How do you get the cash?

Much like a credit card, you’ll have a revolving line of credit available. You can access your funds through an online transfer, a check, or a credit card. As you borrow more from your line of credit, your payments will increase though the rate of interest will remain the same.  

When Do You Pay Back HELOC Funds?

Most have two phases. The first is the “draw period” which may last years (often up to 10) during which you can access your available credit. During the draw period, you’ll make monthly interest-only payments on the funds you withdraw. At the start of the second phase, you’ll no longer have access to your funds and you’ll have to start making regular principal-plus-interest payments until your balance is $0. Most lenders allow the second phase to last around 20 years. 

Benefits of a HELOC

Even if you get a HELOC, you don’t have to use the funds. As long as your lender doesn’t require you to do minimum draws, it could be a good source of emergency cash or a temporary safety net. If you do need to use the cash, the interest rates are lower than the rates tied to credit cards.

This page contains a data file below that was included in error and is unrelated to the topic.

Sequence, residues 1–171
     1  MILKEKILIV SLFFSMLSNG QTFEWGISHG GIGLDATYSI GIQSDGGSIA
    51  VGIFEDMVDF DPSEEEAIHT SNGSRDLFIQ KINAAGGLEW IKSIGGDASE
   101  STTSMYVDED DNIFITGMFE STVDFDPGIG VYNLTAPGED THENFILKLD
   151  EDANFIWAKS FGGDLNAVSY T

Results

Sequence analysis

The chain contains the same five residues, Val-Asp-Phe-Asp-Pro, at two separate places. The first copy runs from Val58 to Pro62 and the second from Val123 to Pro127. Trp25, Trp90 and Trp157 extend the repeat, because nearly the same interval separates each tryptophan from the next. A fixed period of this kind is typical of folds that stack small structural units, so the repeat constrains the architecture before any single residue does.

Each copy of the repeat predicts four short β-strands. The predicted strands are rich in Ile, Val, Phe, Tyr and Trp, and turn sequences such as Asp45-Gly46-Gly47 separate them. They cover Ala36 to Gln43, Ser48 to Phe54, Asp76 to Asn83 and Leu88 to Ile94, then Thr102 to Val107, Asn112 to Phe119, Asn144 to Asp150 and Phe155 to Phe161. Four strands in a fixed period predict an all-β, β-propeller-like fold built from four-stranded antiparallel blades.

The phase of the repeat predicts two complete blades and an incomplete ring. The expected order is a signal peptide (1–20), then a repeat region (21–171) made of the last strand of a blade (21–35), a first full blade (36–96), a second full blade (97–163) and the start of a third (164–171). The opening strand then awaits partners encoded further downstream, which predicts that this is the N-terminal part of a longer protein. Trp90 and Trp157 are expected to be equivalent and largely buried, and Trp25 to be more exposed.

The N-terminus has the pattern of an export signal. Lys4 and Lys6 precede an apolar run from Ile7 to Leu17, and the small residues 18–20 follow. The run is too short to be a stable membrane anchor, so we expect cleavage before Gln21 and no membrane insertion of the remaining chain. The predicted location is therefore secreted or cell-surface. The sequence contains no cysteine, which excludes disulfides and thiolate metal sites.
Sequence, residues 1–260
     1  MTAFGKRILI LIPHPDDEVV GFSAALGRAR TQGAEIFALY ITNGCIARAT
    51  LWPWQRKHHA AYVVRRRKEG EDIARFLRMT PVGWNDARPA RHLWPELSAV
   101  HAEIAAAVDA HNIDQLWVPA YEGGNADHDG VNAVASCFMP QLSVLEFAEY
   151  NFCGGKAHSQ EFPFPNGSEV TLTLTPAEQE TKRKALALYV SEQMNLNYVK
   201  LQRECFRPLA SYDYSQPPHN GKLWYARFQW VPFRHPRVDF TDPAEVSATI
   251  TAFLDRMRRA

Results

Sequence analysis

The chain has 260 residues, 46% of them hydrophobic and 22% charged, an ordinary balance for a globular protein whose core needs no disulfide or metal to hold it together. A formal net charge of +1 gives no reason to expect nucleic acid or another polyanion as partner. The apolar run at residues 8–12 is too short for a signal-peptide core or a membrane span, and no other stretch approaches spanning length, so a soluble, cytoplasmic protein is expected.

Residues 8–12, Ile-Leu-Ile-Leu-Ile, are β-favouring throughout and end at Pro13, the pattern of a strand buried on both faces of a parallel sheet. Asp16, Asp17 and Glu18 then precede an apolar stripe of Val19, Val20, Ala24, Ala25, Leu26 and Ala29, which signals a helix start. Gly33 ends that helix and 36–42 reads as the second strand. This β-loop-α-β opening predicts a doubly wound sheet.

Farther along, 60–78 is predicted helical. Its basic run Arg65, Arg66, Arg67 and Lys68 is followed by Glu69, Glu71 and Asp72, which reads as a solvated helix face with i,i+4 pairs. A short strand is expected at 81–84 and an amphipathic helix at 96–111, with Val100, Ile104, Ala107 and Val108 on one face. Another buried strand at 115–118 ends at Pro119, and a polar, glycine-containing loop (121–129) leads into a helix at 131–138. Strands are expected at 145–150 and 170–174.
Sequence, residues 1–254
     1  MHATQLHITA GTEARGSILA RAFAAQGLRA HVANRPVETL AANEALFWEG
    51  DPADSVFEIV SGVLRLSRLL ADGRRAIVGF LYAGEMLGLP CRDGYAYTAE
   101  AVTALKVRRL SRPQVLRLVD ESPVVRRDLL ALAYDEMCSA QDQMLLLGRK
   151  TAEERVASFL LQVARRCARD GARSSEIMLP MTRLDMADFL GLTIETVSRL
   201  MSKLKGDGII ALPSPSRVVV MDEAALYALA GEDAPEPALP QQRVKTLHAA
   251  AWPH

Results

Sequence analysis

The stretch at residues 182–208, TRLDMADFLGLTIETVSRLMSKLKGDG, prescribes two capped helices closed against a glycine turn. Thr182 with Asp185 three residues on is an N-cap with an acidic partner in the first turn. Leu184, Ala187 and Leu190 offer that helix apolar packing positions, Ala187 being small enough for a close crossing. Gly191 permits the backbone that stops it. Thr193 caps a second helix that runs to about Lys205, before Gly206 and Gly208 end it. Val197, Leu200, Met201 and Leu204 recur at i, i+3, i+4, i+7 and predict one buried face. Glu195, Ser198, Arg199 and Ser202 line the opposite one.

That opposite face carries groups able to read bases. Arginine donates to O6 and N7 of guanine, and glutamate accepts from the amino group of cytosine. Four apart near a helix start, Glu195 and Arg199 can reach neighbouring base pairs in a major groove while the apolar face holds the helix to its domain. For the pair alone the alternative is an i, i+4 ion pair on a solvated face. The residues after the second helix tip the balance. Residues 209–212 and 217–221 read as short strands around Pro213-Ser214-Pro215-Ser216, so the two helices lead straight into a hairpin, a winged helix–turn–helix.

Cons of a HELOC

The rate on your HELOC might fluctuate, and if it goes too high, you may have a hard time paying off your interest. Furthermore, your lender may decide to reduce your line of credit if your home’s value takes a drastic dip. And, don’t forget your overall debt load will increase with a HELOC or any other second mortgage. 

Is a HELOC right for you?

If you have enough equity built into your home and need cash for a home improvement, to cover medical bills, to pay off credit cards, or to sustain your lifestyle after losing a job, a HELOC might be a great solution. To find your home’s current value and how much you could get from a HELOC, contact your local Mann Mortgage expert today. 

Alternative options

One potential alternative is a cash-out refinance, which you could also use to pay for a home renovation or to pay off credit card bills. Learn more about cash-out refinances. If you have questions on HELOCs or other programs that will let you leverage your home equity, please get in touch with one of our local mortgage experts today.

6 things you shouldn’t do when you’re pre-approved for a mortgage